1 – Peer to Peer
What does it mean to have a peer-to-peer safety program? At Local 648 in Scranton, PA, it means you may see Heather Novak or another member of the local’s safety team when they conduct weekly ride-alongs. At Rocky Mountain Power, it means if you miss Local 127’s mandatory monthly safety meeting, you’ll arrange to meet safety chair Ray Summa for a personal review of what was covered. For Local 369 members at Eversource, it means you’ve seen a shift in focus from get the job done quickly to get the job done safely.
Peer-to-peer committees empower members to own their safety. Committee members make worksite visits to talk about safety, provide training, and gather feedback from members. Local 369’s Michael Medeiros sees his job as helping members put their actions into context: “I try to get them to think beyond the job at hand. If you get hurt, it’s not just you that pays the price. It’s your husband or wife. It’s your kids. It’s your parents. It’s the other members who witness the injury and have to live with it.” He and the Local 369 team find many injuries happen when workers rush through the job, or work without the proper materials, so they’ve worked to change that mindset.
At Rocky Mountain Power, the union determines the size of the crew needed for each job. “You and your crew are out there alone in the wilderness. You literally have to rely on each other for your life,” Summa explained. Every morning, Local 127 members have a pre-job tail board, where they talk about the job — what trucks they’ll need, logistics, and other materials.
Safety wasn’t always a priority at the company. Summa credits the union with shifting the focus. When he first joined, the company would try to limit safety meetings to five minutes. “Then we had three consecutive years where we lost a journeyman lineman to a workplace fatality. We waged a safety standdown and took ownership.” Today, management gives the union time every morning and monthly to run the program. “We set the agenda, we set the tone, and participation from the union body is very high.”
The change at Eversource has been equally dramatic, according to Brian Hannon, a 369 Joint Safety and Training Committee member who also chairs the UWUA’s National Safety Committee’s electric subcommittee: “We started our program three years ago and have gone from being seen as guests at management’s meetings to being full partners.”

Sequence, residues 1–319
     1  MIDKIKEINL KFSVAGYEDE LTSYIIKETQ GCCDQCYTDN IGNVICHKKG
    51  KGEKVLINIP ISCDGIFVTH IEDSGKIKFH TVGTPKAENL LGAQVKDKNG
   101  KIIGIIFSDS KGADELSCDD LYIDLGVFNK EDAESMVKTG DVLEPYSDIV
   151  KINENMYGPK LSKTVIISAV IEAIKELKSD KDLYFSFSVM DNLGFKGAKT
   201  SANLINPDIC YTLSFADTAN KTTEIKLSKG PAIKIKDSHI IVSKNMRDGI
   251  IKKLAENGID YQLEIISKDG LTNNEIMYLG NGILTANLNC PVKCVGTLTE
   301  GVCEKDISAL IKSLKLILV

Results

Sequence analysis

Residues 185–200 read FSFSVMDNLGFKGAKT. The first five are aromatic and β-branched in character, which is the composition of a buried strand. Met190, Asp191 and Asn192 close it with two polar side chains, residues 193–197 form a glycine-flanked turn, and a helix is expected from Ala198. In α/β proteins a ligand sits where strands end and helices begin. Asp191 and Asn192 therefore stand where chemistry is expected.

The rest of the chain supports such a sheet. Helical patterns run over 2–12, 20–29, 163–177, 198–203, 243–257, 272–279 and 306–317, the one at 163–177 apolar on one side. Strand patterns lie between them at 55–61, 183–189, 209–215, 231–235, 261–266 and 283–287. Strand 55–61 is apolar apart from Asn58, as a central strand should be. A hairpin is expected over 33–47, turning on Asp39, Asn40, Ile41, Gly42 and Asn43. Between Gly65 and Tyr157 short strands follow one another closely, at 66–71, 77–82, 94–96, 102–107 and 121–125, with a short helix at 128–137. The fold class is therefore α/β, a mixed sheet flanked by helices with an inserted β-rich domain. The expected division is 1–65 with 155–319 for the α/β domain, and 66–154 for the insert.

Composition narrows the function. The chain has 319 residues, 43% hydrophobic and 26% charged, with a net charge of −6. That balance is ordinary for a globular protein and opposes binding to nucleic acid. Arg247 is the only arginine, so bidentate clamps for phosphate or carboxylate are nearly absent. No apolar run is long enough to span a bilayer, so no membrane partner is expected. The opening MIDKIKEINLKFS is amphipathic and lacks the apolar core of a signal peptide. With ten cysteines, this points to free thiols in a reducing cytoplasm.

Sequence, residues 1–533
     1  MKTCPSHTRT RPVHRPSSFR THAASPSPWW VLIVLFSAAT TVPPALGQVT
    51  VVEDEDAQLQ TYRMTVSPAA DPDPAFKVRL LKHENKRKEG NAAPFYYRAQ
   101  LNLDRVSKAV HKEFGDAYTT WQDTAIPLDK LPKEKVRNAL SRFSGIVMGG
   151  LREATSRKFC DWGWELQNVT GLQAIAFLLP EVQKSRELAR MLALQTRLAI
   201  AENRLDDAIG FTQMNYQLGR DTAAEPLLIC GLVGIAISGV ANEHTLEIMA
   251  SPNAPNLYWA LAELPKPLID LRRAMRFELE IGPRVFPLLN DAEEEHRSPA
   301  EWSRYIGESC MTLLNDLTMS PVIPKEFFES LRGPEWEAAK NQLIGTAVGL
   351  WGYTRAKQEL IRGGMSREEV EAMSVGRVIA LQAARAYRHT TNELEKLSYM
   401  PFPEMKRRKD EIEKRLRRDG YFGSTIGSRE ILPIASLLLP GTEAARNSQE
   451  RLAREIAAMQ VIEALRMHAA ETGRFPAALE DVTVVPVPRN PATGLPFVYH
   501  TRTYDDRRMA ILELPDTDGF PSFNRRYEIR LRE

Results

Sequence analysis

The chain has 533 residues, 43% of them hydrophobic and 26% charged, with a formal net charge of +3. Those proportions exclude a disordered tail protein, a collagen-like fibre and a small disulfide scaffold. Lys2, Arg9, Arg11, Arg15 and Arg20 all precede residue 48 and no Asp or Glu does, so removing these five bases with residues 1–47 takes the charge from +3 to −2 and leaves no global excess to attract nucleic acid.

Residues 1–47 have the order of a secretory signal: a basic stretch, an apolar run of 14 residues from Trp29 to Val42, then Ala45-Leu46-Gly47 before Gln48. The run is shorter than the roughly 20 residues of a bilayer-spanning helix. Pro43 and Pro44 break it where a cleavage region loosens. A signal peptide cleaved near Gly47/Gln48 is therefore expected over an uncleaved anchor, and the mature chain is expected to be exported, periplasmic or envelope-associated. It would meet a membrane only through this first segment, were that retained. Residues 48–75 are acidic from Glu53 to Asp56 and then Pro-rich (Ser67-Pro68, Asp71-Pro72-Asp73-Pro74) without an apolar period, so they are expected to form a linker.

Local 369’s committee has tackled big ticket safety issues. When the committee reported concern about the absence of field defibrillators, Eversource agreed to purchase hundreds of AEDs, which are now in all company trucks and stations.
For Local 648 members, safety ownership came in 2019 with the election of Ed Kastreva as their new president. In a short period, there’s been a complete shift in member attitude. “Safety had always been management-dominated with no worker participation,” said committee chair Curt Lamoreaux.
Kastreva is proud of his team’s achievements: “Our members come back from field visits with feedback on how to do the job better, not just in terms of safety but also efficiency or productivity.”
In its short tenure, the committee has addressed issues big and small and resolved items that members had been complaining about for many years. After only two years, injury rates are down.
Local 335 in Missouri is another American Water UWUA local seeing results with its peer-to-peer program. The company is pleased, as well, and is considering expanding the program to other locations.
2- Statewide Consortium: Innovating for Safety
Aqua Ohio’s 10-member peer-to-peer safety committee was born of tragedy. In 2016, Local 428 member Alex Marcotte, a 28-year-old distribution technician, was crushed to death. Both the union and the company were devastated and called for change.
The challenge was to find the right structure. Aqua Ohio’s service area covers hundreds of square miles in the northeast quadrant of the state, and at that time, three UWUA locals represented members in different locations. It was a relatively new company with a corporate safety program still in its infancy, largely consisting of requiring employees to watch videos and answer some follow-up questions.
From the start, Local 425 President Cliff Deem had a strong relationship with members of Aqua Ohio’s upper management, including its president. In 2017, Deem was named a charter member of the UWUA’s National Safety Committee and arranged for UWUA National Safety Director Scotty MacNeill to broker a meeting between Aqua Ohio’s parent corporation and Local 1-2 and Consolidated Edison (ConEd) to observe the workings of a seasoned program. Local 1-2 safety representatives took Aqua America executives along on safety rides, brought them to committee meetings and introduced them to ConEd safety managers.